JON STEWART insists he's not cynical.
"I cannot believe you are more cynical than
I am — and you're Canadian!" he accuses me on the line from Manhattan.
"As a matter of fact, I don't think I'm cynical at all."
Hard to believe of the guy who seems to
have a smirk Krazy Glued to his face each and every time he opens
The Daily Show With Jon Stewart.
His "fake news show" — kind of a cross between
Saturday Night Live's "Weekend Update" and CBC's This
Hour Has 22 Minutes, only with correspondents — airs Monday
through Thursday at 11 p.m. on the Comedy Network.
Just as it demonstrated last year during
the U.S. presidential race, a contest that it presciently dubbed
"Indecision 2001" even before one chad was left hanging, The
Daily Show is, in the wake of Sept.11, serving up the sharpest,
funniest, edgiest media and cultural criticism on U.S. TV.
Sad, when you think about it. For all the
blah-blah and blather on CNN, MSNBC, the Sunday morning newscasts
and the primetime newsmagazines, rarely is a jaundiced eye cast
upon the media themselves.
But, just the other night, Stewart launched
into a tirade about CNN's 24/7 coverage of "America's New War,"
or "America Fights Back," "The Spirit Of America" or whatever the
news channel is calling the current crisis.
Taking issue with how retired army general
after former national security council adviser after bioterrorism
expert after airline safety professor gets face time to fulminate
and prognosticate in the absence of hard facts, Stewart quoted a
CNN anchor asking: "Would you care to speculate on the assumptions
we've just heard?"
"What are you doing to us?" Stewart cried.
"You're supposed to be helping us! The whole thing is making me
No wonder The Daily Show won an Emmy
earlier this month for "Outstanding Writing For a Variety, Music
or Comedy Program," beating out bigger, richer network efforts such
as The Tonight Show With Jay Leno and The Late Show With
As for political criticism, more often than
not, most TV offers little more than partisan political screamfests.
But The Daily Show?
Consider what it has done in the past couple
While Leno has been giving us his Dancing
Itos recycled as Dancing Bin Ladens, while Letterman has been bemoaning
the fact he's never invited on Oprah and while Politically
Incorrect's Bill Maher seems to have gone off the deep end to
prove his patriotism after almost being shut down in September,
The Daily Show has been comedically covering events under
the banner "America Freaks Out."
Fake news correspondents Steve Carell, Stephen
Colbert, Mo Rocca and others have attacked everything from Americans'
unwillingness to make sacrifices to the packaging and the marketing
of the war to beard styles in Kabul.
Nothing and nobody are safe. Not even the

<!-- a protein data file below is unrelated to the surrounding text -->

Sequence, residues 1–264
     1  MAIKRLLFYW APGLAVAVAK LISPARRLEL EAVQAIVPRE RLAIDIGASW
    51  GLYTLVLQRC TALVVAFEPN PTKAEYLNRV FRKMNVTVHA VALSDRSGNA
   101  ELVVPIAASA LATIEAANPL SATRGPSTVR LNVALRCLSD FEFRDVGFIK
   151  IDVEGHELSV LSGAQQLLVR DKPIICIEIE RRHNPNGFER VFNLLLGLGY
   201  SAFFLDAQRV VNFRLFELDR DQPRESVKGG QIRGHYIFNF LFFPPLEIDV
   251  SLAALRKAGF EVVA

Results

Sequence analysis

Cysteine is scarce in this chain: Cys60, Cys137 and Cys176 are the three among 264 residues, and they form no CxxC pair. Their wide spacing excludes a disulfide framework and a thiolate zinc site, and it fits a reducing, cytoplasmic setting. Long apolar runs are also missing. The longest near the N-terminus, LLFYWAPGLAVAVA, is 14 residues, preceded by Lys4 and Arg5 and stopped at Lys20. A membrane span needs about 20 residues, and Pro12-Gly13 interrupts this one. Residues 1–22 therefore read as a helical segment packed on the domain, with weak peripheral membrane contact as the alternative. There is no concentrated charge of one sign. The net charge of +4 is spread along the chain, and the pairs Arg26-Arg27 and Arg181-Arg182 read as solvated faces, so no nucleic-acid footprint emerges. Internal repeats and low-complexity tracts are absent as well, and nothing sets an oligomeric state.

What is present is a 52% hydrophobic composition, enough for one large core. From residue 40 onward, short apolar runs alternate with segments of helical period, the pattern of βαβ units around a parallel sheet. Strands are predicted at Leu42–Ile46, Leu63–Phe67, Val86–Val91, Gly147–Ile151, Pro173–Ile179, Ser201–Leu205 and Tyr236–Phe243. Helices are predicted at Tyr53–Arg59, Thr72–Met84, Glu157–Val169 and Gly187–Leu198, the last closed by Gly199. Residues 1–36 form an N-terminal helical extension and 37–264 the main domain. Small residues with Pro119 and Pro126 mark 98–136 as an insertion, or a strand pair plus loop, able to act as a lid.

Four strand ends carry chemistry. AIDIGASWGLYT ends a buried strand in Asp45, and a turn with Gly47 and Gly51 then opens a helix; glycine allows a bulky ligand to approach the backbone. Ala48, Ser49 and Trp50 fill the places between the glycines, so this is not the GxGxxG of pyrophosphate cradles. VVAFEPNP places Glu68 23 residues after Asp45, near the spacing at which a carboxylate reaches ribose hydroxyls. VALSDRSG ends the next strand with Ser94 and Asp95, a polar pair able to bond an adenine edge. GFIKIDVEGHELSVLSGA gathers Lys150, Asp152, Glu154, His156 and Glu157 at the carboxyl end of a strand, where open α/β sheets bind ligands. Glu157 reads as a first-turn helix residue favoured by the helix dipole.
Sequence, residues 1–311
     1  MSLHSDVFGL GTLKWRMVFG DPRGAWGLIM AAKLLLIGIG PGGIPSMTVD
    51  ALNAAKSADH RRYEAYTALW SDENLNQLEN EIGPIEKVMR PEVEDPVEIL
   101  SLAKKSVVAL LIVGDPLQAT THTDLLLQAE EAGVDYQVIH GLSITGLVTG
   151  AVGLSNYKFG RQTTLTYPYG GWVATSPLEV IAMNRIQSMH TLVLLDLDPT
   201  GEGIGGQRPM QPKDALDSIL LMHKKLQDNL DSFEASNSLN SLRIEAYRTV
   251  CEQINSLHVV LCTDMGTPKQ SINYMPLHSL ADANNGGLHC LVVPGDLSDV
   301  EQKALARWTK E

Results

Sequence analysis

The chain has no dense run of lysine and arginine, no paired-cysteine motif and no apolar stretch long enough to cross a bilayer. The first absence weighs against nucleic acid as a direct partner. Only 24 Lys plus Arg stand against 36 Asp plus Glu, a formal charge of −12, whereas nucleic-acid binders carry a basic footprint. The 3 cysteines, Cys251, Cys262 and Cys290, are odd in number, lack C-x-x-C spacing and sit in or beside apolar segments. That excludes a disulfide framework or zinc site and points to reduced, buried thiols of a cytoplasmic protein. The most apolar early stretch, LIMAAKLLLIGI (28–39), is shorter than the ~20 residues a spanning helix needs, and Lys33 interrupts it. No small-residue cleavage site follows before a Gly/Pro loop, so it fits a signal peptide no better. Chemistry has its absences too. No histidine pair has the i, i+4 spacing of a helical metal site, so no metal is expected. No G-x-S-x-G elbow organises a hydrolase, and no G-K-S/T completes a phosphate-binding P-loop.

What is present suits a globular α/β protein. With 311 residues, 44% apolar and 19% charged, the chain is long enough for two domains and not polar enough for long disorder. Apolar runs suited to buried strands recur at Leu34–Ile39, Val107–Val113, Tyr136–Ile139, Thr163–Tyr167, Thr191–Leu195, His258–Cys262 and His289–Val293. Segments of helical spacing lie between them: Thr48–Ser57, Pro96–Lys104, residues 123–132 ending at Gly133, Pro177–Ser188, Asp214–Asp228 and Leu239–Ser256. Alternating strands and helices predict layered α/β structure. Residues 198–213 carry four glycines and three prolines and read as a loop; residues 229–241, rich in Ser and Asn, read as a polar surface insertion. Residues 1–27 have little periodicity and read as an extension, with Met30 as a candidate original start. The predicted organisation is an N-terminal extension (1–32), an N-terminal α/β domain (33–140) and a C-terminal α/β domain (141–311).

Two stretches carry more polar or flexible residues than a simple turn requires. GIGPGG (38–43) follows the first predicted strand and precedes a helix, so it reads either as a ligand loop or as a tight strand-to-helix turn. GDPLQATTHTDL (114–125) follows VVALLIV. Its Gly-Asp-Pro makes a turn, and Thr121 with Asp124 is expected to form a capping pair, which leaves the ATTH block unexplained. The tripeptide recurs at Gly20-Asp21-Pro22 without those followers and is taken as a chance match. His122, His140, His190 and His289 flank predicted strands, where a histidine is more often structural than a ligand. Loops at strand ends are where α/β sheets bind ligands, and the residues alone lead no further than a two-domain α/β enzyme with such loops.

Two weeks ago, Stewart mocked how George
W. Bush looked in the polka dot pyjamas he donned in China.
Thursday night, he had Bush riding around
his ranch in a pickup with Russian president Vladimir Putin singing
Jackson Browne's "Take It Easy."
All this despite how Stewart, when his show
returned after being off the air in the aftermath of the World Trade
Center bombings, said "subliminable" was no longer a punchline.
"One day it will become that again, and Lord
willing, it will become that again because that means we have ridden
out the storm," he said.
Are we there yet?
"I think when they return to politics as
opposed to statesmanship, that will be when we go back to making
political jokes," he says. "We're going with the fact that Kabul
has been liberated as opposed to the fact that (Republican Senator)
Trent Lott wants to hold up $10 billion in spending to New York
City. There's only so much you can do with that, comedy-wise."
In any case, Stewart says that he and his
writing team are still reacting to the terrorist attacks and all
the other calamitous events since.
"Right now we're not freaking out so much,"
Stewart explains. "Now we've just been pulverized into shell-shocked
submission and apathetic agreement that we are in peril."
But, no matter how it looks to viewers,
The Daily Show does not set out to be wicked, Stewart insists.
"Our comedy is not based in naughtiness.
It's based in viscera," he says. "It's based in how we're feeling
in a real way — and then we just try and turn it into funny because
it probably wouldn't be that entertaining to sit for half an hour
watching me yell.
"We don't set out to be naughty."
Well, that's not completely true, I insist,
particularly when it comes to making Canada jokes. The Daily
Show just can't seem to resist making fun of us. For example,
last month, when anthrax was the big news, Stewart accused Canada
of suffering from "Bland-thrax."
Last Thursday, when The Daily Show was
funning with the hyperama that is Harry Potter And The Philosopher's
Stone, it showed a clip of Sigourney Weaver saying "It would
be wonderful if there was a magical world next to ours that we can't
Cut to Stewart looking straight to camera:
"There is a magical world next to ours: I call it Canada."
This kind of thing goes on with alarming,
for American TV, regularity.
"I enjoy Canada," says Stewart who has made
movies in Toronto and hosted last year's Just For Laughs Festival
in Montreal. "I think you make fine neighbours to the north. It's
certainly better than having Mexico living in our attic."
Of course, it's easy to poke fun at us.
But when will Stewart be able to return to "business as usual,"
the down and dirty business of lampooning everyone and everything,
no holds barred?
"I'm not sure what that means: This
is business as usual," he says. "We're looking at the world and
trying to find the smartest, funniest take that we can possibly
find on it. That's what we did before this happened and hopefully
that's what we will continue to do."
Copyright © 2001 Toronto Sun.
All rights reserved.
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